Ice hockey coaches are trained to be emotionless when talking about their teams, unmoving anchors in the shifting winds of a storm, particularly before their teams have won it all. But when McGuire ended an interview of Coach Sturm, saying, “We’re going to see you on Sunday afternoon in a gold medal game. Marco Sturm, Congratulations,” Sturm’s face exploded in glee, and he wrapped his arm around McGuire in a big hug, giggling like a schoolboy who just pulled off the greatest practical joke of all time on his teacher.
Germany is no joke. They play the Russians for gold.
The South Korean champion, Lee Sang-hwa had the weight of the world as she sought her third consecutive gold in the 500-meter speed skating sprint in front of her home fans, but just fell short to Nao Kodaira of Japan. Circling the oval in tears, Lee came upon her rival, her Japanese friend, Kodaira, who put her arm around her shoulder, and created a lasting and powerful image of sportsmanship and friendship – words not often associated with Japan-Korean relations.
Koreans may have been celebrating the unification Olympics, waving the blue-on-white flags showing a single Korea, but the Japanese government wasn’t pleased, officially protesting the use of a flag that included a tiny dot to the east of the Korean peninsula. The Japanese government calls that area Takeshima and believe it is a part of Japan, but it is also called Dokdo in Korean and in fact controlled by South Korea.
It was the Korean’s turn to be offended when NBC analyst, Joshua Cooper Ramo, covering the opening ceremonies at the 2018 Winter Games, described Japan as “a country which occupied Korea from 1910 to 1945, but every Korean will tell you that Japan is a cultural, technological and economic example that has been so important to their own transformation.” The analyst was removed from the broadcast, but the pain remained.
That is until gold medalist Kodaira and silver medalist Lee came together.
The day after their battle on the ice, the two were huddled together near the medal awards stand, cheerfully awaiting their medals. They decided to kill time by going live on social media platform, Instagram, for twenty minutes. People then realized that Kodaira and Lee were indeed friends. In a comfortable mix of Korean, Japanese and English, the two fastest women speed skaters in the world gaily exchanged wishes from their fans, talked about food, music and how they would celebrate when they received their medals.
As you can see in the video of the Instagram feed, they are reading and translating the comments for each other. Early in the broadcast, Lee put her arm around Kodaira and said they were “tomodachi” – friends. We learned that Kodaira likes the Korean dish bulgogi, and that Lee’s birthday was only a few days later (February 25). She made a point to repeat that – “Nao, my birthday this Sunday. Presento onegai shimasu.”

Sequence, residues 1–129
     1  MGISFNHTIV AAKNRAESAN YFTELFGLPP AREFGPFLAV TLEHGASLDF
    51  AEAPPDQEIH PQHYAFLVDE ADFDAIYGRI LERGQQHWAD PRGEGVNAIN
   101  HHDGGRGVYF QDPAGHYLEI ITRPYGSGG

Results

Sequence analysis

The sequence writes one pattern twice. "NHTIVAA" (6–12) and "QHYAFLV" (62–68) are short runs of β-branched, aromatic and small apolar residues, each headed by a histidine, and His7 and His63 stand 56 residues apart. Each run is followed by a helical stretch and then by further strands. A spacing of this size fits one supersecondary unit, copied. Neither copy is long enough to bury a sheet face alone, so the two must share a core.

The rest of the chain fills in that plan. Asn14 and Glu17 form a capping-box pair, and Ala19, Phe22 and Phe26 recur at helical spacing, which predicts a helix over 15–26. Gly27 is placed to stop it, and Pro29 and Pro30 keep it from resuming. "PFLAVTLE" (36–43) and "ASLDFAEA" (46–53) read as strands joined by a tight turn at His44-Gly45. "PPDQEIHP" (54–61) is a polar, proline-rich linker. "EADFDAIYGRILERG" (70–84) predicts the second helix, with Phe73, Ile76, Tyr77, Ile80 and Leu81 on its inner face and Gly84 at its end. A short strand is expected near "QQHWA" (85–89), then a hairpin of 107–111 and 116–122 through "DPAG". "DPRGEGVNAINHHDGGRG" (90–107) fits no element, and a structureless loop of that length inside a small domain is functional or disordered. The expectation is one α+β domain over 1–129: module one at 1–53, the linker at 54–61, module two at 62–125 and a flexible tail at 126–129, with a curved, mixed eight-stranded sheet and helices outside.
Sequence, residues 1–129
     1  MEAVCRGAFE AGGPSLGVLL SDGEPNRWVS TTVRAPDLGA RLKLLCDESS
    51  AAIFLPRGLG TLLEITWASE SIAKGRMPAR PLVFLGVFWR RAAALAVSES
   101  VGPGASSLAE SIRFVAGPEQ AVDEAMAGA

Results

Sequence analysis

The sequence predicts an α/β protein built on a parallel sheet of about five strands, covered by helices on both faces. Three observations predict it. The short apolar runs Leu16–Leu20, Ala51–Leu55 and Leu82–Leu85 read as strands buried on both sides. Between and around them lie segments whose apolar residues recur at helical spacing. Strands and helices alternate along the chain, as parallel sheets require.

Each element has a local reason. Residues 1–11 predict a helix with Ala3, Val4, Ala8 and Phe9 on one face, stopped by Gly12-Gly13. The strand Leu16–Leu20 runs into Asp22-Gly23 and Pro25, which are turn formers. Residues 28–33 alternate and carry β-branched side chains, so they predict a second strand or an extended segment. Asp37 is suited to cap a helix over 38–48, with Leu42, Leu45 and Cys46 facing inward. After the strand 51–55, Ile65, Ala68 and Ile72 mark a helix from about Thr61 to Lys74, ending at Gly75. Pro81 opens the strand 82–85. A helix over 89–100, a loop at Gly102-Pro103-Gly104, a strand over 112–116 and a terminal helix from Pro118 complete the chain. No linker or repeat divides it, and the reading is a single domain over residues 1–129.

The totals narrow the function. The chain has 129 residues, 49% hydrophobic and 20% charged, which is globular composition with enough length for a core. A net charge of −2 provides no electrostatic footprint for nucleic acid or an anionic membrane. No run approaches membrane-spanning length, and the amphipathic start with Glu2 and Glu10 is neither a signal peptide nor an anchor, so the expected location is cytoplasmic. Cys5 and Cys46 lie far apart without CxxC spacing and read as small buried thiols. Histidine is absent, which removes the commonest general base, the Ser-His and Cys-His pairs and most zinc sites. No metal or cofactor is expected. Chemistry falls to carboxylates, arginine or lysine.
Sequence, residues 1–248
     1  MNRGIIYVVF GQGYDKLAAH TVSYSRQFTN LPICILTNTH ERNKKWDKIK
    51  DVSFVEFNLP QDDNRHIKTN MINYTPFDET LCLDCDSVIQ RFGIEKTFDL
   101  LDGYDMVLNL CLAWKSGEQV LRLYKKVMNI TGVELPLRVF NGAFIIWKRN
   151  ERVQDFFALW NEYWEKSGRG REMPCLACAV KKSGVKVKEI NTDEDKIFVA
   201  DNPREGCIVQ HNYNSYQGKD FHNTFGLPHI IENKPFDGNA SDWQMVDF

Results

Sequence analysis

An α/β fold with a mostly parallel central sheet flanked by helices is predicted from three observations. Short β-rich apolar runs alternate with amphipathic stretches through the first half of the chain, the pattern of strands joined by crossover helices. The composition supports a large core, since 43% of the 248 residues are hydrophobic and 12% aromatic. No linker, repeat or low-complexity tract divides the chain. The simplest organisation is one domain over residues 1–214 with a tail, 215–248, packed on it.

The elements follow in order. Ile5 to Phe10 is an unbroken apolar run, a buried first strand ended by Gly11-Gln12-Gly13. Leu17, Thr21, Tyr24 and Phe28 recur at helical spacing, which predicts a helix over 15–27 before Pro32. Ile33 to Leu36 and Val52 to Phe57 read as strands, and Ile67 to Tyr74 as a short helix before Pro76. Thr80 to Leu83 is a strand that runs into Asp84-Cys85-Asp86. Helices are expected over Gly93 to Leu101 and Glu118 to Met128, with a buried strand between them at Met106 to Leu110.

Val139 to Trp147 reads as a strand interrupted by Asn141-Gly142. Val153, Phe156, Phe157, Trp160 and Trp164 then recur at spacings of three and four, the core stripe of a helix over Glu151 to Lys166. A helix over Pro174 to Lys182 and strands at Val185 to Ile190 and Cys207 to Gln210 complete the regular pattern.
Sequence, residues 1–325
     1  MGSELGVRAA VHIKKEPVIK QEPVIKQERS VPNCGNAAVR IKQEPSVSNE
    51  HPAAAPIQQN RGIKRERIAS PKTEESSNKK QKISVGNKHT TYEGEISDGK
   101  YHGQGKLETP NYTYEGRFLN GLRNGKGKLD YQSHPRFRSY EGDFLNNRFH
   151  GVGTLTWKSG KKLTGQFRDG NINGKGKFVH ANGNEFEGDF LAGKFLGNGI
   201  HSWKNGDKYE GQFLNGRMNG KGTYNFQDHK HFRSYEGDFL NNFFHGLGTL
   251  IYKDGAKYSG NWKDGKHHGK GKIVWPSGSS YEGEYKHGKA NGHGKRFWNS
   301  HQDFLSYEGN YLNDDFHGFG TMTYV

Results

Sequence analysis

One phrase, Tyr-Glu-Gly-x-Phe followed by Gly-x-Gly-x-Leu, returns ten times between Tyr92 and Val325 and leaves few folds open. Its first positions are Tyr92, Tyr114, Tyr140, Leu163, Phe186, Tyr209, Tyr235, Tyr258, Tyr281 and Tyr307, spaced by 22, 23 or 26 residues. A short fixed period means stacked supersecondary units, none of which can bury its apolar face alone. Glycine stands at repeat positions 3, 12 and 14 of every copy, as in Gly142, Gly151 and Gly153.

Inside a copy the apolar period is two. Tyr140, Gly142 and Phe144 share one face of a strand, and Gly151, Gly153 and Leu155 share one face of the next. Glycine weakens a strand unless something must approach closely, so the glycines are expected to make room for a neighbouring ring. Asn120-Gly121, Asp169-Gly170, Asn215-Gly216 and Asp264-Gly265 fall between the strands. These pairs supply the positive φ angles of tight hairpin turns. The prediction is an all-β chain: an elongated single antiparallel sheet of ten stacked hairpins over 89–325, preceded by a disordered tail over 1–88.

Absolutely, this exchange was one of the sweetest moments of these Olympic Games.
She’s pulled off the upset of the 2018 PyeongChang Olympics. Ester Ledecká, a world champion parallel snowboarder jumped into the Super-G alpine event with little aspirations of winning. She just wanted to have a great run.
Ledecká did, and to the surprise of everyone, the Czech snowboarder, ranked 43rd in the world in the Super-G, won the gold medal. How did she do it? In a rush to explain, there was very little expert commentary. The assumption was that snowboarding and skiing are very different – a lot was made about how Ledecká was the first person ever to appear in two different Olympic events in the same Olympics, and that the skills for both were quite different.
And yet, according to ski and snowboarding coaches I talked with, that is not necessarily the case.
Jon Casson, the director of sport education for U. S. Ski and Snowboard Association (USSA), was in PyeongChang to cheer on the numerous Olympians he has coached, thought that skiing and snowboarding, on the whole, are quite similar.
My personal opinion is that I don’t think they are truly as dissimilar as the experts make it out to be. In the end, it’s about pointing your equipment downhill and going as fast as you can. You stand on the equipment and you move your body. Those movements put pressure on the ski or board and make it do something. In this case, it’s maintaining as flat a base as possible and taking as direct a line down the hill as possible. As the most dominant athlete in her snowboarding discipline, she understands this innately and can make her equipment do those things.
In other words, if you say you’re super at skiing, and you feel you need to prioritize your training, you will only focus on your skiing skills. But someone like Ledecká comes along and shows that under the right conditions, your skills in one sport are transferable in others. This is when cetain other skills can make a difference.
According to wax technician extraordinaire Andy Buckley, who was also in PyeongChang, Ledecká had a skill above and beyond the other skiers. Buckley explained that in Super-G alpine skiing, racers do not get to do trial runs. Once the course is set, the skiers are given ample time to examine the course, but they can’t ski it until the competition. What Buckley said is that Ledecká had superior capability to “read the terrain, find the right lines, know where to go high or low on a gate.” a skill she picked up from both skiing and snowboarding.
And as Casson added, “Ester not only has the athleticism, she has the confidence to go fast or go big, and that transferred to skiing.”
So how did Ledecká seemingly come out of nowhere to win the Super-G?
She had mastered the movements of a snowboard, and how to manipulate it with her body, arms, legs and feet in perfect harmony to the snow-covered ground, and more importantly, she was certain in her belief that these skills transferred directly to skiing. And let’s not forget, she was indeed a skier, someone who came to PyeongChang with an intent to compete in both disciplines.
Ledecká was an expert at reading the terrain, a highly critical skill for a race that does not allow competitors to have trial runs, and thus feel and know the course in advance. She read it, kept it in her head to visualize, and executed.
And she was confident, with nothing to lose. She was in PyeongChang for the parallel snowboarding race, so why not go for broke on Super-G?
For Ledecká, the conditions were the perfect storm. And that storm begs a name.